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Mozhgan Rezaeikanavi, Sahar Balagholi, Abouzar Bagheri; The Effects of Platelet Gel on the Cultured Human Retinal Pigment Epithelial Cells. Invest. Ophthalmol. Vis. Sci. 2016;57(12):1745.
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© 2017 Association for Research in Vision and Ophthalmology.
To investigate the cellular and molecular changes of cultured human retinal pigment epithelial (hRPE) when treated with different concentrations of platelet gel.
Confluent cultured hRPE cells in 3rd, 5th, and 7th were treated with 10%, 20%, and 30% platelet gels. Cultivated hRPE cells in 20% fetal bovine serum were considered as control. Cell viability was determined by MTT assay and by light microscopy. Total RNA was isolated and the gene expression profile was determined using real time RT-PCR. The real-time RT–PCR analysis was performed in duplicate as three independent experiments. Differences between the control and experimental groups were analyzed using the Student t test. P value less than 0.05 was considered statically significant.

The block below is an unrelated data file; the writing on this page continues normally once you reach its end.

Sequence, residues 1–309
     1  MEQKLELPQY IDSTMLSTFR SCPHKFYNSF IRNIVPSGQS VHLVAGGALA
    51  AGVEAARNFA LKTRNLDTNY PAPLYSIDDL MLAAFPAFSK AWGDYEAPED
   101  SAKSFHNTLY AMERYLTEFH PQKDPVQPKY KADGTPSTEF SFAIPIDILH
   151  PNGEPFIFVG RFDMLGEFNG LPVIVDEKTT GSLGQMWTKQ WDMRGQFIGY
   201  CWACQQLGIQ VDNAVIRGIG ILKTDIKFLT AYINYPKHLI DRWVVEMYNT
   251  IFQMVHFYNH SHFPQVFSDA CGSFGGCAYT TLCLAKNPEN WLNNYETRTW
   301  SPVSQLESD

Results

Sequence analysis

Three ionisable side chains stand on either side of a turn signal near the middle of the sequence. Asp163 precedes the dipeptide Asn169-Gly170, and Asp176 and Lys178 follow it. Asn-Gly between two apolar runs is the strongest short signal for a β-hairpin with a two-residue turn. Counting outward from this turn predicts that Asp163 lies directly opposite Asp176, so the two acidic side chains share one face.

Viability of cultivated hRPE cells treated with different concentrations of platelet gel was higher than the controls on day 7 (p value=0.044); however, it was comparable with control on day 3 (p value=0.108) and showed a borderline increase on day 1 (p value=0.074). The viability of hRPE cells was not significantly different between different concentrations of platelet gel on days 1, 3 and 7; however, hRPE cells demonstrated a significant increase of viability with 30% as compared to 10% platelet gel on day 7. hRPE cells treated with different concentrations of platelet gel did not show a significant change in the expression of Ki67, α-SMA, and PAX6; however, expressions of MMP-9, MMP2 and KDR1 were not significantly changed with 10% platelet gel and a high expression of RPE65 was observed following 30% platelet gel treatment.
It seems that platelet gel as a 3D substrate has a positive effect on viability of cultivated hRPE cells; however, 10% platelet gel seems to be the proper concentration in termshttps://arvo2016.abstractcentral.com/submission of low risk of inflammation, angiogenesis, and induction of cell proliferation.
This is an abstract that was submitted for the 2016 ARVO Annual Meeting, held in Seattle, Wash., May 1-5, 2016.
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